Juneteenth Has Special Meaning in Whitesboro

By ADIANNA ALSTON | AC JosepH Media

WHITESBOROJuneteenth, the nation’s annual commemoration of the abolition of slavery, is widely celebrated across South Jersey. One of this year’s celebrations will be held in Whitesboro, hosted by the Cape May County NAACP.

The festivities will take place at the Martin Luther King Recreation Center located at 207 West Main Street, beginning at 1pm. Quanette McNeal, president of the CMC NAACP, shares the special significance behind this location.

Whitesboro was established in 1902 as a community for African Americans in response to being rejected in many other areas of Cape May County. The town was named after George H. White, a black Congressman from North Carolina whose company purchased 2,000 acres of land to help start the community.

READ: Where to Find Juneteenth Celebrations in South Jersey

“Whitesboro is a historically black town,” McNeal told Front Runner New Jersey. “It is one of the few in Cape May — and it has always been the home base of the Cape May County Chapter of the NAACP since it started.”

READ: Juneteenth Mental Health Equity: https://www.betterhelp.com/advice/general/juneteenth-supporting-mental-health-equity-today-and-everyday/

In addition to Whitesboro being one of the oldest African American communities in the country, Cape May County holds further significance for playing an integral part in the Underground Railroad. Harriet Tubman at times lived in in Cape May where she worked summers to earn to help free slaves.

The Harriet Tubman Museum of New Jersey had its ribbon cutting in Cape May in 2020 to honor her legacy in the resort town.

McNeal’s grandfather, John “Jack” Vasser, Jr., made history when he became the county’s first African American mayor when he was elected to lead West Cape May in 1977. Vasser also served as a commissioner with the borough from 1973 to 2001.

Quanette Vasser-McNeal. Photo courtesy of Quanette Vasser-McNeal

The Whitesboro Juneteenth Festival was first held in 2020 following the death of George Floyd. McNeal, who was responsible for helping to start the festival, describes to Front Runner New Jersey the inspiration behind it.

“The height of the emotions at that time. Recognizing Juneteenth for what it is,” McNeal said. “Being a newly invigorated chapter and realizing such a festival or celebration had not happened in Cape May County prior to, or at least not hosted by the chapter.

“At that time, I just felt that it was necessary, it was something that was missing, and it certainly turned out to be a fantastic day. This will be our third event and it grows every year.”

This year, the festival has received sponsorship from the Atlantic Cape Community College as well as the Concerned Citizens of Whitesboro (CCW).

This festival offers free admission and will be packed with various forms of entertainment for all to enjoy.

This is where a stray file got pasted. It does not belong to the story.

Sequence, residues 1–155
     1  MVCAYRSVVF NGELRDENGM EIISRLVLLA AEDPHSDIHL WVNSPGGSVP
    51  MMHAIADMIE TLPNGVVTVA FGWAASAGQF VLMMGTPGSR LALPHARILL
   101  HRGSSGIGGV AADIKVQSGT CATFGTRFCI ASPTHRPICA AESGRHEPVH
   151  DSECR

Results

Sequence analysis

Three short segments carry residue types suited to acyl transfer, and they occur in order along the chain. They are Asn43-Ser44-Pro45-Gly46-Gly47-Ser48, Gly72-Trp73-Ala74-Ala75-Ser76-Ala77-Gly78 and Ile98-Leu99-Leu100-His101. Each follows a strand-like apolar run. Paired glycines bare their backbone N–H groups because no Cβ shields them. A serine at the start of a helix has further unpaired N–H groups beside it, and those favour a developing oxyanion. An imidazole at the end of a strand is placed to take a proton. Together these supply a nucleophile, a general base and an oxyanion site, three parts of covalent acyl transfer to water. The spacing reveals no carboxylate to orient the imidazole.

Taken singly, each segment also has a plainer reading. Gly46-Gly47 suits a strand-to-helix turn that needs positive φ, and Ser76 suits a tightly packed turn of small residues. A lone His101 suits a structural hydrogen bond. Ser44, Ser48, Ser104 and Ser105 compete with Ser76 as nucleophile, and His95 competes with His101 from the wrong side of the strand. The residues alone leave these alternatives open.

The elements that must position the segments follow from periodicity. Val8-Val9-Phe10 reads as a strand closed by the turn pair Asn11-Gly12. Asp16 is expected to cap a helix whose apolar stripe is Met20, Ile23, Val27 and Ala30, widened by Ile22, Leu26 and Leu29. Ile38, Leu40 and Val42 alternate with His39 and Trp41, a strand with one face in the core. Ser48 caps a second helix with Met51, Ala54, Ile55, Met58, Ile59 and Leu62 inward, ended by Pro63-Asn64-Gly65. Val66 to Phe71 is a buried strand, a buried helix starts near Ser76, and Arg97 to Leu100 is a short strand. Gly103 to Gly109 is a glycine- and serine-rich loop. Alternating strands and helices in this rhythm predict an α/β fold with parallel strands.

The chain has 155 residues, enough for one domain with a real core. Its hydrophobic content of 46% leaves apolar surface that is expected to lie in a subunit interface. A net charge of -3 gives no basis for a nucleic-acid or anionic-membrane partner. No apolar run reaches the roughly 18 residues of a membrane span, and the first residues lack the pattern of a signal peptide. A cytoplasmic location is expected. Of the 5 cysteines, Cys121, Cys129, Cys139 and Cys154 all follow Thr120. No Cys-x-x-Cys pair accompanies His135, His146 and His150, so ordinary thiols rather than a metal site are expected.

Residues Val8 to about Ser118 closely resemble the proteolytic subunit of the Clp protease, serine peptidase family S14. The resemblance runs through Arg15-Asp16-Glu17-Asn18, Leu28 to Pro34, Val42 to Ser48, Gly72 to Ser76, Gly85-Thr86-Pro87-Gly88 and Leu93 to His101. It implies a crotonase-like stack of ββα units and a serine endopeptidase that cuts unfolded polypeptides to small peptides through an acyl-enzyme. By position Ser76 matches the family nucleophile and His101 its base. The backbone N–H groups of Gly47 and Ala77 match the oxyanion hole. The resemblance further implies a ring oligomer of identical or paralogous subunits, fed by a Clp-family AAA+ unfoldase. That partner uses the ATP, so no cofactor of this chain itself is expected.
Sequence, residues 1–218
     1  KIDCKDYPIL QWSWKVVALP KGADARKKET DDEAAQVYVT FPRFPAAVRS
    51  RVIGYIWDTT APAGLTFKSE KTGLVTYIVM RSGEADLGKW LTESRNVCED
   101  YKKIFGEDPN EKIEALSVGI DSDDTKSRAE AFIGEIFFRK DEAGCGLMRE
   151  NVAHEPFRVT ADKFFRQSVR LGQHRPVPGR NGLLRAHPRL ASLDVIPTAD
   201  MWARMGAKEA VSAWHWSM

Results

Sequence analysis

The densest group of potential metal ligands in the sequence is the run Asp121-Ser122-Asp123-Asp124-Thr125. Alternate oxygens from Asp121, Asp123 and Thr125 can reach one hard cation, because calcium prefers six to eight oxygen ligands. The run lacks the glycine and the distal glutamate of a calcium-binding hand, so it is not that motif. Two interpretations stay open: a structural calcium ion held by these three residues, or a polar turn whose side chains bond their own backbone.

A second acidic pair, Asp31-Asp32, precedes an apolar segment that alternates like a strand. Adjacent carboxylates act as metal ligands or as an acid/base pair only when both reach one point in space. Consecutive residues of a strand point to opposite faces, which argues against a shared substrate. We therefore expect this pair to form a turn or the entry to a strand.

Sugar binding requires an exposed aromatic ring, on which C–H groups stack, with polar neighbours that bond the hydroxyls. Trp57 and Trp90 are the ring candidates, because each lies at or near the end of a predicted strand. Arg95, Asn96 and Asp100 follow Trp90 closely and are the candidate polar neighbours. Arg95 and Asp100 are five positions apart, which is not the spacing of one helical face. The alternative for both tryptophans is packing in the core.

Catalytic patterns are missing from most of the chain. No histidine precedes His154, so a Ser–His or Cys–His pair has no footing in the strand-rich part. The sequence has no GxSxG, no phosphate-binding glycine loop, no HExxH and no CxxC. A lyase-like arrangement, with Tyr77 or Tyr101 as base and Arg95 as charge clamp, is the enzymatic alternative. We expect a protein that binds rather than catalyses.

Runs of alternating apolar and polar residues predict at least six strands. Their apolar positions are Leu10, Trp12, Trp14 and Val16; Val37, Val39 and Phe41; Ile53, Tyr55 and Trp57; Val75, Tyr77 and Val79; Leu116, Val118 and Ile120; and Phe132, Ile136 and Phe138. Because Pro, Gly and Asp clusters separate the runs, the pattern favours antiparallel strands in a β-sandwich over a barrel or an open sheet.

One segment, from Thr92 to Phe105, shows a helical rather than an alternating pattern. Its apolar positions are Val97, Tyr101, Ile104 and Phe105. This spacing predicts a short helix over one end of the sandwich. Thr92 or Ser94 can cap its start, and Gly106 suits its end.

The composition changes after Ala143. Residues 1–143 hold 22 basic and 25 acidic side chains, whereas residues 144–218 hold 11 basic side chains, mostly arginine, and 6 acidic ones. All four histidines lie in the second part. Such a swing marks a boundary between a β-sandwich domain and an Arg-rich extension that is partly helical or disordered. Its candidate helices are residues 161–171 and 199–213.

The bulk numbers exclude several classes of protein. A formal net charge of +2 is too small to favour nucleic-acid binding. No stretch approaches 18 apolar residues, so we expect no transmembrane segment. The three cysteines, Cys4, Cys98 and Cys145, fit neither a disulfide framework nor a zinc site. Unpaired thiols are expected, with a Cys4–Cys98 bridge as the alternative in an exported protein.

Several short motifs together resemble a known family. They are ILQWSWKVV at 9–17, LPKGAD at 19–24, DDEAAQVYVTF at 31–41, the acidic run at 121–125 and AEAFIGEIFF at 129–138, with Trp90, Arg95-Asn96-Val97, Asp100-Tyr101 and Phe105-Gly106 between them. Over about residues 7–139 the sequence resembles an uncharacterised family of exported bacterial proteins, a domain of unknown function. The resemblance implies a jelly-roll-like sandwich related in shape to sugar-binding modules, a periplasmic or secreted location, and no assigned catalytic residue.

Cape May County NAACP Treasurer Sherly Cisrow and Assistant Treasurer Tracy Cardwell holding up the branch’s new sign. Photo by Clayton Palmer

“We want people to come out and enjoy a day of fun and fellowship for a time and in a space that’s familiar and comfortable,” McNeal said.

There will be a live deejay, food vendors, local business vendors and even music and dance by Pan African Rhythm Cooperative, which consists of local drummers, performing artists and musicians who teach cultural connections with African rhythm, drums and dance.

There will be plenty in store for children as well, including bounce houses, face painting, and games the entire day. Hamburgers and hotdogs will also be offered free of cost to all children.

However, the highlight of the day will be the special guest speaker, Jonathan G. Green who serves as the Lead Community Mediator for the Community Relations Unit of the New Jersey Division of Civil Rights. McNeal offers insight on Green’s selection.

“I sit on the Cape County Prosecutor’s Office Social Justice Committee and he has attended the last few meetings that we had,” she said. “After hearing him speak and learning about the type of work that he does in the community, I felt that his voice was something that would permeate at such an event and would be something that would be beneficial for the folks that attend to learn about what he does.”

McNeal describes the importance of celebrating Juneteenth.

“I feel it’s our duty to bring forth this celebration annually; not just to remember where we were, but to celebrate our freedom, our growth and our greatness,” McNeal said. “Remembering that knowing the history is just as if not more important than the celebration.”

The CMC NAACP is also looking for volunteers.

“If anyone would like to volunteer at the event or upcoming events they can show up at 10:00 am the day of the event,” McNeal said.

The Whitesboro third annual Juneteenth Festival is sure to be an exciting and fulfilling experience.

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